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The setting is semi modern urban fantasy where there are mercenaries with the task of slaying monsters on the unpopulated areas, steel is the first metal to go when it comes to making weapons on large scale or for those who don't have the money for better materials. But because almost everyone and most of monsters can potentially bend fire, spit corrosive fluids etc. Making so the best weapon material that one those mercenaries could use must be better than classic spring steel in those cases; My best bet is to introduce cobalt weapons, I've read about the properties of cobalt and somewhat they match, but I'm not that sure of how good it would be for weapons like swords. Did a bit of research and found Elgiloy which is an alloy that's used for springs and from what I know spring metal works well especially for swords. But I'm not sure of how good would that work.

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  • $\begingroup$ What does cobalt do which marine stainless steel doesn't? $\endgroup$ – AlexP Feb 27 at 15:45
  • $\begingroup$ Wolfram or Titanium? $\endgroup$ – SZCZERZO KŁY Feb 27 at 15:46
  • $\begingroup$ @AlexP Cobalt can mechanically work at high temperatures $\endgroup$ – Dawnstar watcher Feb 27 at 15:51
  • $\begingroup$ @SZCZERZOKŁY not sure about wolfram but titanium isn't good for edges $\endgroup$ – Dawnstar watcher Feb 27 at 15:52
  • $\begingroup$ @Dawnstarwatcher I've been always a fan of stabby-longy-distanty-thingy like arrows or spear rather than swords. $\endgroup$ – SZCZERZO KŁY Feb 27 at 15:57
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The main advantage of using iron alloys for making swords is that the properties of the material can be locally tuned to improve the global performance of the blade.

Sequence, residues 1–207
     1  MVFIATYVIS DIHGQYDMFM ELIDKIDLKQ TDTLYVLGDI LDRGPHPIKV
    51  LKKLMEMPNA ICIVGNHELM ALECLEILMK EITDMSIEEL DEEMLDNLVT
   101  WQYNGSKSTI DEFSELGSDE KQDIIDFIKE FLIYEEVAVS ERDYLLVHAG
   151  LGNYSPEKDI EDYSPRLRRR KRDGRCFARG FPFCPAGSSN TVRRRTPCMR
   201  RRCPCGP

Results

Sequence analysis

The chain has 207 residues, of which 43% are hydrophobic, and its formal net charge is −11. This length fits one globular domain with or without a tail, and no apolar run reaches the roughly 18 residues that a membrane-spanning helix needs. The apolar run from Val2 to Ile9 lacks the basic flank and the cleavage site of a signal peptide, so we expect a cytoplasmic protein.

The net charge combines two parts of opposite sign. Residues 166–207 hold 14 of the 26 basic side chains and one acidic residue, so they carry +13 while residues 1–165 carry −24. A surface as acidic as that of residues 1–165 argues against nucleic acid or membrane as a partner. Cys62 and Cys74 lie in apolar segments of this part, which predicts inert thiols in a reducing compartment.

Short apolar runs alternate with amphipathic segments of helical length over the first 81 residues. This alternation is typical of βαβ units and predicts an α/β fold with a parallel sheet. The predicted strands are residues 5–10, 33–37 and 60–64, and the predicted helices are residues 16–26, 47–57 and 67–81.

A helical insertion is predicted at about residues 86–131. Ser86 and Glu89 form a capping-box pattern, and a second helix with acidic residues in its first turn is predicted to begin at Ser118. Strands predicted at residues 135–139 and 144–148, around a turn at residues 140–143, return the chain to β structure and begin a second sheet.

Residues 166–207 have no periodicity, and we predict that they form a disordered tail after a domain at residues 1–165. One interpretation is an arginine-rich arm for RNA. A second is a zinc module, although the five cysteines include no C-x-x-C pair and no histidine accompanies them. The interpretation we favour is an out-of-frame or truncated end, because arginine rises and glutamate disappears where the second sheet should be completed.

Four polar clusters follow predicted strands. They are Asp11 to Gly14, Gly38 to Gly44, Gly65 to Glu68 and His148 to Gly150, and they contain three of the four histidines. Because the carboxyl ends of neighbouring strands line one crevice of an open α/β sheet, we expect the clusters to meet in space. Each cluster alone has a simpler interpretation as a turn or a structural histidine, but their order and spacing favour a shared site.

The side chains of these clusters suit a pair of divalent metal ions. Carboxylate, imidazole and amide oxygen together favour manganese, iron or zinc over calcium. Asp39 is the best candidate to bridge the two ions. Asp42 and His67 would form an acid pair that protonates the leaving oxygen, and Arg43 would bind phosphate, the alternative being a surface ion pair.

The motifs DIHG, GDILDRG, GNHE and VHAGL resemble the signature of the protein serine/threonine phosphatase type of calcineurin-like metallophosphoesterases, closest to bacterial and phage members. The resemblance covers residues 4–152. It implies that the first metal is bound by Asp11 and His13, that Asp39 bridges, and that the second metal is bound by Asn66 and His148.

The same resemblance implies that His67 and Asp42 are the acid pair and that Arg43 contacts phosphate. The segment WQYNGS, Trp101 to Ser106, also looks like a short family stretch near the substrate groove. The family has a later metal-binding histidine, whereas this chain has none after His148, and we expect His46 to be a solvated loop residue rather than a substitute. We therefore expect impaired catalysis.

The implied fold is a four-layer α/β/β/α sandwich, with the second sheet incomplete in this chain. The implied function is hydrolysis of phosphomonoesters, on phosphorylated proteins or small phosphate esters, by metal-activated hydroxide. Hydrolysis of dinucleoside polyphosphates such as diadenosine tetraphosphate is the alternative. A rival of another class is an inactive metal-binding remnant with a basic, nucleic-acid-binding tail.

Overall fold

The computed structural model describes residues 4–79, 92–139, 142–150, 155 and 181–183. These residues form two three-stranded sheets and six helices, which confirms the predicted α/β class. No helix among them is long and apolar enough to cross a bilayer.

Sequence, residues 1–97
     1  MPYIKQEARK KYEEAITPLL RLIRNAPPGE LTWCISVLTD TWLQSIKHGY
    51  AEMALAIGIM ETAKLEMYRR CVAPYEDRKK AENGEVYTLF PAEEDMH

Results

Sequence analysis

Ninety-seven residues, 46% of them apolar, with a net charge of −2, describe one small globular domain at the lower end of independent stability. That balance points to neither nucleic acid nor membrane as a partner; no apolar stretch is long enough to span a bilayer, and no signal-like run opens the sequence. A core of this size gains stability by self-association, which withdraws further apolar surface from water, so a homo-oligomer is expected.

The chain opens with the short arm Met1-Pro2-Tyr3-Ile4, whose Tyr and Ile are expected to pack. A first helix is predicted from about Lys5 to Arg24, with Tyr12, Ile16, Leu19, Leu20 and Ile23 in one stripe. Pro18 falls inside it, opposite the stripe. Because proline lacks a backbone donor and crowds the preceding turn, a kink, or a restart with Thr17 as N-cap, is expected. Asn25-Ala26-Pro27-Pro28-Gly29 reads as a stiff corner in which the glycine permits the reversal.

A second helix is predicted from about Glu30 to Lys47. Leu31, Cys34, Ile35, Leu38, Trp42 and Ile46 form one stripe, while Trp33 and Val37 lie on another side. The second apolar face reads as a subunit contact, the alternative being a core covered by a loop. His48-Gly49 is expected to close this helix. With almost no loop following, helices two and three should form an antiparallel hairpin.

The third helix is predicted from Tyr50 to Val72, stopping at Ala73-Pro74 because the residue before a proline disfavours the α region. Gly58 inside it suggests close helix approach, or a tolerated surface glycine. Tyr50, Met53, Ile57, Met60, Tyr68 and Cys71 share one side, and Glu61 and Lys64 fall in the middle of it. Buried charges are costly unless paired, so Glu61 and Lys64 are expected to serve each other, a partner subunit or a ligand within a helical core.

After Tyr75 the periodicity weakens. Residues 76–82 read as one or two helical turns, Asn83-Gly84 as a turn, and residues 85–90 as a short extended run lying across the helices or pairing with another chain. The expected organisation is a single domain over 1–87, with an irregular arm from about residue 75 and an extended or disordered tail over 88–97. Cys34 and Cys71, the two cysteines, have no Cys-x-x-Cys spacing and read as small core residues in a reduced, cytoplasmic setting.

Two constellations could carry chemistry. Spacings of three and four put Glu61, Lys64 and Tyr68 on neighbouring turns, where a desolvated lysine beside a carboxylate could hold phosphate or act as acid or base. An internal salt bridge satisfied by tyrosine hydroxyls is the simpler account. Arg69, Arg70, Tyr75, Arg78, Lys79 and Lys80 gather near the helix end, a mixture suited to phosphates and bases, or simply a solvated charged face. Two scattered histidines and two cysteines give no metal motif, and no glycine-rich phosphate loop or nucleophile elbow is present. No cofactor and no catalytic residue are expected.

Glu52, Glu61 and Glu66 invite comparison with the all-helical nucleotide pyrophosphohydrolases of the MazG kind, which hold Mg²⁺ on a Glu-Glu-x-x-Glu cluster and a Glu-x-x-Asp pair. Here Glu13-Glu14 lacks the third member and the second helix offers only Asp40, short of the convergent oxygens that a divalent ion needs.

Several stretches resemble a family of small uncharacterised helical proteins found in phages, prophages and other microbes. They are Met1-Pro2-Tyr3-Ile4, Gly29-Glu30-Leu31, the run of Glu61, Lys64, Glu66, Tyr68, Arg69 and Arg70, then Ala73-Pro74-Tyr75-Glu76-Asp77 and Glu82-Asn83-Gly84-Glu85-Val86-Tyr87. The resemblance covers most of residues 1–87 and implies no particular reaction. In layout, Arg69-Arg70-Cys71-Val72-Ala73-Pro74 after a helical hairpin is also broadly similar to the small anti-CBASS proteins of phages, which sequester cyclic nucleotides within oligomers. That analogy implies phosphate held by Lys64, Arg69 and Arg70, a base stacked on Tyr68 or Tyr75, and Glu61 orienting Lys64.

When you look at how a blade works, you want to have:

  • a hard surface, to be able to resist the impact with the target
  • a tenacious core, to be able to withstand the solicitations imparted by the blow

Now, a single alloy can be hard and brittle or tenacious and softer, and you see that you will have to compromise too much to make a good sword.

Using iron based alloys instead one can use I.e. quenching or carbon hardening to have a hard surface while maintaining a tenacious core, dramatically improving the performances of the blade.

From what I see, cobalt and its alloys are generally hard and resistant to high temperature, but that alone would make the cobalt blade brittle. And you don't want a sword that shatters on impact, don't you?

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  • $\begingroup$ why would high temperature resistance make it brittle? $\endgroup$ – Dawnstar watcher Feb 27 at 16:25
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    $\begingroup$ @Dawnstarwatcher, hardness is usually coupled to brittleness. Temperature resistance has nothing to do with it. $\endgroup$ – L.Dutch - Reinstate Monica Feb 27 at 16:32
  • $\begingroup$ sorry misread that part, I understand that the material being brittle is a problem, but is hardness proportional to how brittle it is? or there's a property related to it? $\endgroup$ – Dawnstar watcher Feb 27 at 16:47